I scoffed at the notion of allergies before moving here. SCOFFED, I tell you!
It just seemed so vague to me. “Oh, my allergies are really acting up.” What does that even mean? I’m sorry these beautiful flowers are somehow making you feel less than 100 percent, but maybe there are bigger problems in this world than your fragile immune system.
WELL GUESS WHAT? I take it all back. Two things about the Valley I will never, ever, ever understand are a) its bizarre predisposition for allowing rocks to hit your windshield on the highway and b) the havoc it wreaks on the bodies of people who have experienced zero problems in their decades of existence in other locales.
I seriously don’t even know where it comes from. People talk about the pollen count, and I’m like, pollen from what? Everything is a cactus or a dumb bush. I have to drive three blocks to see real grass in my neighborhood, yet I experience a violent, 10-minute sneeze attack every morning that thoroughly annoys my wife because she somehow thinks I should sneeze more quietly. And even if there is something in the atmosphere, why hasn’t the Arizona sun burned it off? For six months a year, you can throw a bucket of milk in the air and the sun will evaporate it before it can hit the ground, but it can’t destroy a little pollen? DO YOUR JOB, SUN.
I apologize for my angst, but I haven’t been able to see out of my eyeballs for the past three weeks. They are constantly watering and all I want to do is stay home all day in the dark and rub my eyeballs until the itch is satiated, which is impossible because the itch is NEVER SATIATED. I have a better chance of rubbing my eyeballs straight out the back of my head than reaching a point where I can say, “That feels better, I can stop now.”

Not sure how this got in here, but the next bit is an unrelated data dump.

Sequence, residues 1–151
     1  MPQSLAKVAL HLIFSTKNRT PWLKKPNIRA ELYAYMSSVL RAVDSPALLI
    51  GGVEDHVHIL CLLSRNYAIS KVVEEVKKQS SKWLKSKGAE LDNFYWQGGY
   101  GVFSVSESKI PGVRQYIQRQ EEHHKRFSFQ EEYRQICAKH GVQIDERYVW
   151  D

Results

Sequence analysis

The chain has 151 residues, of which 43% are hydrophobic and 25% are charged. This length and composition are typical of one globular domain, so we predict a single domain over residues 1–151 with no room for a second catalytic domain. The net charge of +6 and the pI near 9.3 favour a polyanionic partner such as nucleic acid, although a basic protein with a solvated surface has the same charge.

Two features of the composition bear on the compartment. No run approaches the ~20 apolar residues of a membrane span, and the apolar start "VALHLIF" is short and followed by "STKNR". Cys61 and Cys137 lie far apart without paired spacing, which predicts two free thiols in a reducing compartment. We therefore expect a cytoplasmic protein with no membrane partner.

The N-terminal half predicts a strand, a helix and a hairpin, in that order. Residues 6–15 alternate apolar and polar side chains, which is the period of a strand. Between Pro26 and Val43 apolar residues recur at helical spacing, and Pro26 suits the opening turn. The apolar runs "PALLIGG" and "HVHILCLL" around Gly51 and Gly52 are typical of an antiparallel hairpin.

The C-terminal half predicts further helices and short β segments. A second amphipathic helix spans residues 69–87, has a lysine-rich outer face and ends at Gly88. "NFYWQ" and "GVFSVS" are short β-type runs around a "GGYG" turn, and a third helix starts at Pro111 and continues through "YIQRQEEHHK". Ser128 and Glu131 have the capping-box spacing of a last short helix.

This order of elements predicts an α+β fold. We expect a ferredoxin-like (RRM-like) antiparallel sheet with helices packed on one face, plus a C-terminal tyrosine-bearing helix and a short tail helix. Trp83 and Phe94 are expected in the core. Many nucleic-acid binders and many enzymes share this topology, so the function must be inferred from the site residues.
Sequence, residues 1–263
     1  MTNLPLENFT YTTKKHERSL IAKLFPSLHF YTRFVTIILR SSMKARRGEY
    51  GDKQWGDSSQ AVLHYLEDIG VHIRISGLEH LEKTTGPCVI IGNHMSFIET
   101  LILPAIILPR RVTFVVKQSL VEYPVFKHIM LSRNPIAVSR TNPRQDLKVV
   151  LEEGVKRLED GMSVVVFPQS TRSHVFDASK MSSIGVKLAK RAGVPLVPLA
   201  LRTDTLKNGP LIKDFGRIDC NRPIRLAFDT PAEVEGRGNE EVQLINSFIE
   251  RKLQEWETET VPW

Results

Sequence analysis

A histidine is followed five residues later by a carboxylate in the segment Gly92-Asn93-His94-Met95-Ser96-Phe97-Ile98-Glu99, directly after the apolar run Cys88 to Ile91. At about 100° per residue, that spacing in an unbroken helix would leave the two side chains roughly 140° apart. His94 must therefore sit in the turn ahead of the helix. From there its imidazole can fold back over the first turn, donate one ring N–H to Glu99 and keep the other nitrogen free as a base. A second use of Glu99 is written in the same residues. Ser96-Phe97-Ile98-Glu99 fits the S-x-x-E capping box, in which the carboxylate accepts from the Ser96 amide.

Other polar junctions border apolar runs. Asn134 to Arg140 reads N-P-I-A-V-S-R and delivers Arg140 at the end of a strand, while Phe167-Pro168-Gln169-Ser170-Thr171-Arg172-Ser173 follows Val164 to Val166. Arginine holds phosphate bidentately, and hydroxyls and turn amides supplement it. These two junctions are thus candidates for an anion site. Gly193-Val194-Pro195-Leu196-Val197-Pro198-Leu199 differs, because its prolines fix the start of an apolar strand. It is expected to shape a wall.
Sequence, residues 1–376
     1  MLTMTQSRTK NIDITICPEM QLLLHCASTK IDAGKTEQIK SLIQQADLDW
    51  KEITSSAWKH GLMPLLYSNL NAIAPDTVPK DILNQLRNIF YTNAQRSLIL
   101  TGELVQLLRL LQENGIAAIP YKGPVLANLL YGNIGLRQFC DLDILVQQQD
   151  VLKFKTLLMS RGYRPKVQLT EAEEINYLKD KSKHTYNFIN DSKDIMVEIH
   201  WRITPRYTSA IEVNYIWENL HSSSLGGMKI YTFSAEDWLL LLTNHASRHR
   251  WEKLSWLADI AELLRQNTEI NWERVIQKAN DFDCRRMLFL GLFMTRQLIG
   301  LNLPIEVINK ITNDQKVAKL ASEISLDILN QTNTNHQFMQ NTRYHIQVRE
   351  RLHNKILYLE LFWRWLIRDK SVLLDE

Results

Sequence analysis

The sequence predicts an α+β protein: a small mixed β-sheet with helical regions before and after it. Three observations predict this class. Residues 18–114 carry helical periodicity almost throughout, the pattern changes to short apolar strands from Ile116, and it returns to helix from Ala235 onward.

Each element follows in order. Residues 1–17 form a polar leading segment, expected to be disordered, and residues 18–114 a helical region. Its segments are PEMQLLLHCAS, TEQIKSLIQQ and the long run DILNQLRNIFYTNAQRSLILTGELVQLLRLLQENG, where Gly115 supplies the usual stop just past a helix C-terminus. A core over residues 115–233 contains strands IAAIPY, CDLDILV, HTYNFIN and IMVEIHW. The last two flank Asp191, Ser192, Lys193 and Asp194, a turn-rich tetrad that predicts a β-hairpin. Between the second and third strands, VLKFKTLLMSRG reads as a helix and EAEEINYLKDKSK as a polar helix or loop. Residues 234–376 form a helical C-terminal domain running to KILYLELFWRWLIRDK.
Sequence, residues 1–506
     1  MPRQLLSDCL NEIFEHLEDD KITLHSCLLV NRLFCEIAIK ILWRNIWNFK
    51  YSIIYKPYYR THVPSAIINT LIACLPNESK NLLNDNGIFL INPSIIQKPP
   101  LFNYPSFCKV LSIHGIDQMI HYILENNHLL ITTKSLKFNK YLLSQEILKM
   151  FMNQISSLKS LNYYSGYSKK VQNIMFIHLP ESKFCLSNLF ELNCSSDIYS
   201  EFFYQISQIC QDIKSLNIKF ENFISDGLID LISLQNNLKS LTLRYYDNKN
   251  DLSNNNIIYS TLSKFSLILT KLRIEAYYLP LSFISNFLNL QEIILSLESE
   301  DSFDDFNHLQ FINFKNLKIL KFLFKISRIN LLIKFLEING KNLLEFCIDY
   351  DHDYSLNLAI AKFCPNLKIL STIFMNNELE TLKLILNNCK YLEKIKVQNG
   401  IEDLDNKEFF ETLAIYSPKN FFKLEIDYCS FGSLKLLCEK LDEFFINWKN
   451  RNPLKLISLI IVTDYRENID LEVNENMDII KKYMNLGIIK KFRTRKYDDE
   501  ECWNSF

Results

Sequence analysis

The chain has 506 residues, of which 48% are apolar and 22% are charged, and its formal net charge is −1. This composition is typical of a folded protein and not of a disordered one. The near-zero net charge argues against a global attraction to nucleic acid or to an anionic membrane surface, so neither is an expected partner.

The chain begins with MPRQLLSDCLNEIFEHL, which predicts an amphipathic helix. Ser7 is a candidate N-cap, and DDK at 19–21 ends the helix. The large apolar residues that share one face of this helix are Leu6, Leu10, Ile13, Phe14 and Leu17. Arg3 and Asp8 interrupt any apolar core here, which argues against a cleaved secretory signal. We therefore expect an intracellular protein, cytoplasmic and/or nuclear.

The good news is that the action of rubbing the eyeballs feels great—better than sex—but the results … not so much. Unless you think appearing as if you just watched “Beaches” while holding your dying pet is attractive. The other day I sat at my desk at work and rubbed my eyeballs INTENSELY for a good few minutes, and then someone walked in and I looked up and they were like, “Ohmygosh are you okay? Did something happen? Do you need anything or just some time alone?” I was like, “I AM OKAY,” but then I really did start crying. WHAT IS HAPPENING TO ME?
I tried taking Claritin, but that did squat. I also tried Benadryl, which also didn’t work. (Fine, it was Wal-Dryl. Why would I pay for Benadryl when I can get Wal-Dryl? DON’T JUDGE ME.) I’m growing more convinced that my allergies are growing stronger with each passing spring, and are currently immune to all forms of medication. At this point, I don’t think my eyes will make it. I have already purchased a tiny headstone for them with the epitaph, “Mike’s eyeballs: rubbing them felt so good, but at what cost? RIP.”
And now I find myself, yet again, anxiously awaiting the sweltering heat of summer as an alternative to the absolutely perfect weather right now that is rendering me unable to fully enjoy it. Until then, I am practicing the art of sneezing more quietly because sneezing is a voluntary action that is totally under my control. WISH ME LUCK.
Note: This column appears in the 4/2 issue of The Glendale Star and the 4/3 issue of the Peoria Times.